Stop and think for a moment. Imagine sitting in a class, online or in-person, and knowing that some of your peers potentially have opinions like these about you. How is that going to make them feel? How is it going to make any international E/SEA student feel coming onto a UK university campus after seeing these comments.

This is not an argument of free speech. Anyone who took the Warwick Values Moodle Course (i.e., every single Warwick student) will know that there is a difference between free speech and harassment/ discrimination.

Finally, quite a storm has arisen (or rather, has become more apparent) in terms of conflict between Black and ESEA communities as this has been spoken up about more. I’m not here to defend any of that. I’m not standing up to disregard the traumatic experiences of Black people or to make comparisons in any way because whilst every BAME can relate to each other’s experiences to some extent, we also have to acknowledge that people of different ethnicities will experience racism differently.

The comments I’ve seen regarding this issue have hurt me. That people of my race, who know what racism feels like, could turn around and do the exact same thing that hurts us to those who we are meant to support. For that, I’m sorry if you have ever felt and have been target by us. If anything, we should be standing by each other. Certainly, that’s what I, and I should hope many others, will be doing. We should not be forced to choose between one or the other. Beyond the differences, racism is racism.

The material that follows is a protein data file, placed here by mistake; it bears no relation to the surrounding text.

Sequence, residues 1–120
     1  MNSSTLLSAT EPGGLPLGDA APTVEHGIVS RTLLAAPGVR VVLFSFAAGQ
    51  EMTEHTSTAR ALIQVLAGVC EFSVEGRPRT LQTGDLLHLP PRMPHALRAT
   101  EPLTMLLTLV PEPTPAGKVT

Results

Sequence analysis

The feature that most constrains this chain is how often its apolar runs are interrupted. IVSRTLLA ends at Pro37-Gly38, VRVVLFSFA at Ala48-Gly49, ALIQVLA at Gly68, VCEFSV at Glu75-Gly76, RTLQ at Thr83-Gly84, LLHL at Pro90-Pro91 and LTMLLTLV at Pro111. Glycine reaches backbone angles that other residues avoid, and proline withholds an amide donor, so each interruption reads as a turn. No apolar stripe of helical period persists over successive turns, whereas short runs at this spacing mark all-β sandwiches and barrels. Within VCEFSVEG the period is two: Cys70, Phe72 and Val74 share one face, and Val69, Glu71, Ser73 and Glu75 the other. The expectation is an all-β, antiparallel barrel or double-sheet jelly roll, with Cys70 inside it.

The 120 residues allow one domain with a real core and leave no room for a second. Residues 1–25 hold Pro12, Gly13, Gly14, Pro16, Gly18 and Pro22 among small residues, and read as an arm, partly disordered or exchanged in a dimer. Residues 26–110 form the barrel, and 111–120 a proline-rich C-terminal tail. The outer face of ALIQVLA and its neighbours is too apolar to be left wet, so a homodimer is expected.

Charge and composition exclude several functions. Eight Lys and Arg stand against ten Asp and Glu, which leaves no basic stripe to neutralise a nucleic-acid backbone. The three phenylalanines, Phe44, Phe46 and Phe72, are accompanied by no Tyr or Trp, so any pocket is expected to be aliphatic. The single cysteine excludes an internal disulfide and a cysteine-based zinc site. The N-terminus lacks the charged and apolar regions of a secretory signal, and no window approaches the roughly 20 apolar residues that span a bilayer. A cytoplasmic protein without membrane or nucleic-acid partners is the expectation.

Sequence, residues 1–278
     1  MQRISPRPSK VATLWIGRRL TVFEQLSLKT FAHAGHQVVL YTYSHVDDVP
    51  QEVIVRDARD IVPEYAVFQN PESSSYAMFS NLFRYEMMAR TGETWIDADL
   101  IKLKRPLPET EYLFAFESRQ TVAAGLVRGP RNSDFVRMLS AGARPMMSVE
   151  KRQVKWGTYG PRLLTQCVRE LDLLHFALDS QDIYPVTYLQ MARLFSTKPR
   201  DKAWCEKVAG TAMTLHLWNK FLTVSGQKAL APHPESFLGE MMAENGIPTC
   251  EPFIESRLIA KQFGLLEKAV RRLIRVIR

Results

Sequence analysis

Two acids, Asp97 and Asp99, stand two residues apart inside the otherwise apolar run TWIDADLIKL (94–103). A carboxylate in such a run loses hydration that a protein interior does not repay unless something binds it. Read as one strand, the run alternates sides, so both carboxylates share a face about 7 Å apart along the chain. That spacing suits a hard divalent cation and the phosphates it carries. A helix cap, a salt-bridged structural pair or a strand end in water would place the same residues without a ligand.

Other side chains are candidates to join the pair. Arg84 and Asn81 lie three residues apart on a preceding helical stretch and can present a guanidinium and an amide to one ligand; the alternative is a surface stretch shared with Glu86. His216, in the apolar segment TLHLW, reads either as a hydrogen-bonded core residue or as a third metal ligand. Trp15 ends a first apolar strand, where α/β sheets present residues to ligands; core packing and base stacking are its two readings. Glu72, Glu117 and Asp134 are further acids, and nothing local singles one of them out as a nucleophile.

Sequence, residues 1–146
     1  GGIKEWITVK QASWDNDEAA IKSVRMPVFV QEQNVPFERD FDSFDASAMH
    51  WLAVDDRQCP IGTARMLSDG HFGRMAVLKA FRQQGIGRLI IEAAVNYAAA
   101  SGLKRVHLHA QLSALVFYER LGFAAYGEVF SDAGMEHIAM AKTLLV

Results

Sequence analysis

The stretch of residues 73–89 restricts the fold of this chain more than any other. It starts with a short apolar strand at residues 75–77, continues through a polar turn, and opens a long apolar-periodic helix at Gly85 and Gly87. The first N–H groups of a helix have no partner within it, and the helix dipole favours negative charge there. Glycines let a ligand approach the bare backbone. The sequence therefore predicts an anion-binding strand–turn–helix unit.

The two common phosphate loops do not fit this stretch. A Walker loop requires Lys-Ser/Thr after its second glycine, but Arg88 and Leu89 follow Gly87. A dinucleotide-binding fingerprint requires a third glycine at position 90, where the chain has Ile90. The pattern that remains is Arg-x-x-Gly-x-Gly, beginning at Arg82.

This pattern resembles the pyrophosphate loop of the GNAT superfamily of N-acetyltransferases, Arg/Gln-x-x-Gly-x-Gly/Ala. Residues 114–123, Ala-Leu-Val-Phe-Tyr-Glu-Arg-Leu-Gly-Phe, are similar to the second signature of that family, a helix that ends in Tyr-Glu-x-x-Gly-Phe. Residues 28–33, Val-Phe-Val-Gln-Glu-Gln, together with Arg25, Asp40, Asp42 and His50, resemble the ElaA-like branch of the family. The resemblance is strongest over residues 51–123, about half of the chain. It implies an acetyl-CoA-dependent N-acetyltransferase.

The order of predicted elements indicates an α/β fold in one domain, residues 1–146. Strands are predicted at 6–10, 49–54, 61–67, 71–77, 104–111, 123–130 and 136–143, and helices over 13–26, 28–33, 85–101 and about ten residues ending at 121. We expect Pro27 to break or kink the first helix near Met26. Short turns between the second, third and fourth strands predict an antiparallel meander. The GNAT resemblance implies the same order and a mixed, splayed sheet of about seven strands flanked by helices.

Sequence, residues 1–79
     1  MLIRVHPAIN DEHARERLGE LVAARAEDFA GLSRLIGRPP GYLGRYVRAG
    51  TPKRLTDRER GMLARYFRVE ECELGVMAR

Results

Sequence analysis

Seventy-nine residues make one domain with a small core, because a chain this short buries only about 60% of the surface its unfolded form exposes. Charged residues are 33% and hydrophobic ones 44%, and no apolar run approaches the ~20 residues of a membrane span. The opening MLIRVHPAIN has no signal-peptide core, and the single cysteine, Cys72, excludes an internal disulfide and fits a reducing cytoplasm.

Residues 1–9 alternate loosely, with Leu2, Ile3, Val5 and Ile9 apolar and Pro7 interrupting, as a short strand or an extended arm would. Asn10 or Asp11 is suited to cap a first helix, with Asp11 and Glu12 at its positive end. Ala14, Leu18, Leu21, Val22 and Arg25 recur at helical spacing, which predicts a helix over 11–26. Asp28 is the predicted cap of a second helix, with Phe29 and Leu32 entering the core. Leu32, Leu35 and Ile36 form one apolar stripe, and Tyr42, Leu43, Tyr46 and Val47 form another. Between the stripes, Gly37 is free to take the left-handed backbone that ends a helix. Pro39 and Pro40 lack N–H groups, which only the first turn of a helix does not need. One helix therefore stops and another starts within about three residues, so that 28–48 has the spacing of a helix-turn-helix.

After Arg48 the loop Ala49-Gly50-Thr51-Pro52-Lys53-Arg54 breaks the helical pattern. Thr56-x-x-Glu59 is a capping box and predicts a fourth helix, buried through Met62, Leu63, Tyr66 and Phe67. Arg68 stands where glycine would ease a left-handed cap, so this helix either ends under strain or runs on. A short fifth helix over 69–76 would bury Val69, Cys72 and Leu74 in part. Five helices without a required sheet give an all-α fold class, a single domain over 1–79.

A woman is holding up a placard that reds, 'In a world where you can be anything BE KIND!.

Please, show some basic respect to your peers and the people within your communities. We’re not here to cause any trouble. We don’t want any trouble. For me, I’m just a university student who’s trying to get a degree because I want to support communities in this country who need that extra support, as much as some of these people may hate me. That leads onto a whole other issue, so I’ll stop there.

For now, three things we can all do:

  1. Apparently, racism is not a good enough reason to get comments removed from social media, but we can keep reporting them and hopefully things will change.
  1. As we encourage everyone to do with many issues, listen to people’s experiences of racism and stop invalidating them.
  1. If you don’t understand why something is hurtful and you are willing to see the other side, please ask. We will have to be patient and understand that you’re trying to learn and that in itself means a lot.

Have conversations and help us to stand up and know that it’s okay to speak out.

There aren’t many resources, especially in the UK, but to start off:

  • Sky News – https://www.youtube.com/watch?v=DfHdah7GWtA – Interview with Chinese students
  • South China Morning Post– https://www.youtube.com/watch?v=OoTpOwFx5u8 – short interview with British Chinese community

Aimee Cheung | Psychology with Education Studies Contact Aimee